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Posts Tagged ‘Tony Snow’

DC’s “Funniest” “Celebrity”: Kotecki Wuz Robbed!

Last night was the 15th annual “D.C.’s Funniest Celebrity” competition and, after bombing for two years in a year, I decided to simply become a judge instead. (See my write up on last night’s event for the Washington Examiner here, including video and photos).

Suffice to say: Politico’s James Kotecki was the funniest, but some judges — *cough*Clements*cough*Jenkins*cough*Tumulty*cough*Carlson*cough* — were smitten by the star power of Mike Huckabee so the governor ended up winning (either that or someone did a really bad job tallying up the votes).

Some other funny media notes:

  • Want to know why David Shuster couldn’t perform and Chuck Todd couldn’t judge? Ask the bigwigs at NBC who forbade them from doing so at the last minute. (This Lame-O Factor could also explain why Shuster was recently told to can his regular light-hearted news segment).

  • What did Kotecki call Shuster during his routine? A dick? Tsk tsk…

  • Emcee Clarence Page paid tribute to two former Funniest Celebrity contestants — Tony Snow and Tim Russert — who passed away in the past year. “Despite the fact that they were journalists, they were good people.”

  • CNN’s Jamie McIntyre: “I have very low expectations for tonight. I just want to get through it and still have my job tomorrow.”

  • Bob Barr: “I like MSNBC. It’s like Fox, but without the ratings.”

    Check out Kotecki’s performance here.

  • Perino’s Humor: More “Dry And Wry”

    Over at the Examiner, Jeff Dufour and I crunched the numbers and determined that reporters in the White House are back to Scott McClellan-like levels of laughter under Dana Perino (this, after Tony Snow made instances of laughter amongst the press corps increase by 330%, compared to McClellan).

    Of course, there’s more to the story:

      Perino may be receiving less laughter from the press corps for a number of reasons. First, attention has turned away from the presidency during Bush’s final months in office and many of the briefing room’s regular characters are out on the campaign trail. Second, Perino’s briefings are far shorter than Snow’s; Perino’s briefings during her first four months averaged 22 minutes, while Snow’s averaged 35. And finally — as Knox puts it — “I really appreciate Dana’s sense of humor, but I’m not sure it lends itself to a lot of people joining in.” Knox calls Perino’s comedic style “dry and wry.”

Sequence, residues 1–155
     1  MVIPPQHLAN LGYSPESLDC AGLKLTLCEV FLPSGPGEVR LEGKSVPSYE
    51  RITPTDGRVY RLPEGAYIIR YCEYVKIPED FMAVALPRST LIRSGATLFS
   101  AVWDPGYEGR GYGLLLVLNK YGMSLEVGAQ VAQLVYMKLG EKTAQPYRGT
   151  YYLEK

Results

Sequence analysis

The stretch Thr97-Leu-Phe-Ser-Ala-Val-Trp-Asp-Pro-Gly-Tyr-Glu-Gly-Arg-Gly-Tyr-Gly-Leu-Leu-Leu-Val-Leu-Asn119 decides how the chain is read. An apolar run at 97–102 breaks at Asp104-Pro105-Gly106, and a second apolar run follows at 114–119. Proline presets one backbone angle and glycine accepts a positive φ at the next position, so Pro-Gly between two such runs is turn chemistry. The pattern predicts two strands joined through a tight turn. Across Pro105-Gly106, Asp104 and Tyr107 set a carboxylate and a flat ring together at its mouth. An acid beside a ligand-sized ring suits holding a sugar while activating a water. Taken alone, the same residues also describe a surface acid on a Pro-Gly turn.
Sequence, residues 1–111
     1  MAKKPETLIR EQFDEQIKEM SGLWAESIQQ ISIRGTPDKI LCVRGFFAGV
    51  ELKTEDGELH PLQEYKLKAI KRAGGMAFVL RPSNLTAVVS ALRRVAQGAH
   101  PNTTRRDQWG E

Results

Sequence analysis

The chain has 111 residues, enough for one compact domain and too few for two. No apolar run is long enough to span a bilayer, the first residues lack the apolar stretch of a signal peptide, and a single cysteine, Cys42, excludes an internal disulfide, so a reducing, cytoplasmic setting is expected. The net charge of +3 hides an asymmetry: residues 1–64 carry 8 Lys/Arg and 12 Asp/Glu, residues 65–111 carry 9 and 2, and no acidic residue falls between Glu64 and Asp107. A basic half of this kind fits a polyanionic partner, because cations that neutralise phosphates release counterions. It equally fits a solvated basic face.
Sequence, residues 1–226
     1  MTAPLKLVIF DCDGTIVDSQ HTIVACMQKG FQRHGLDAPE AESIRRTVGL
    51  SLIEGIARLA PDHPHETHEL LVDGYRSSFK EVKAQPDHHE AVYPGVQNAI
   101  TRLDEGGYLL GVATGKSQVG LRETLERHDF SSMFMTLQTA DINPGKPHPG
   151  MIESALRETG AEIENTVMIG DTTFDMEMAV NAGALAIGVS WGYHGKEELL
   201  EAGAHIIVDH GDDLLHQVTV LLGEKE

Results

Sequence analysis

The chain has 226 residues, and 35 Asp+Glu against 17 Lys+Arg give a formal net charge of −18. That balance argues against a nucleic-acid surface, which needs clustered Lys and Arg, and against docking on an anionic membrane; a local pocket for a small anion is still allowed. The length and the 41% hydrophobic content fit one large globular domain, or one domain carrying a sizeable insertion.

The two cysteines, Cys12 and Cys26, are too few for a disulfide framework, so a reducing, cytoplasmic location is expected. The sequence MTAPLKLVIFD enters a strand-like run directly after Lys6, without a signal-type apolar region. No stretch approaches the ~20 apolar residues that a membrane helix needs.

Read the full thing here.

    Tull for Tony

    That was Jethro Tull dedicating much of tonight’s set at the Wolf Trap Foundation for the Performing Arts to the late Tony Snow. They said they wished that the musician/White House press secretary could be on stage to jam with them.

    Jethro Tull’s Ian Anderson considered Snow a good friend.

    Tony Snow Remembered

    Politico’s Mike Allen reports from Tony Snow’s memorial service, which was held this morning:

    Former White House press secretary Tony Snow was remembered Thursday for “love given and love received,” at what amounted to a state funeral, complete with remarks from President Bush.

    Snow was a Fox radio and television celebrity — one of America’s most popular conservatives — before serving as President Bush’s spokesman as he publicly and cheerfully battled the stubborn, cruel colon cancer that took his life Saturday at age 53.

    The Very Rev. David M. O’Connell, president of the Catholic University of America, said in the funeral homily that Snow “did not need a long life for us to measure.”

    Morning Reading List, 07.17.08

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    Good morning Washington. Where can you find the above bathroom in Washington, D.C.? Email us your guesses.

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    Morning Reading List, 07.15.08

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    Good morning Washington. What area restaurant serves the above dessert tray? Let us know.

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    Kurtz: Snow Was “Extraordinarily Decent Human Being”

    Earlier today, Howard Kurtz held his weekly chat where he covered such topics as the controversial cover of the New Yorker featuring Sen. Barack Obama, and, of course, the passing of Tony Snow.

    Some excerpts:

    Rolla, Mo.: Doesn’t the New Yorker cover show how much they actually don’t understand the very people they are trying to lampoon, given that this picture will be used over and over during the rest of this campaign by those very people?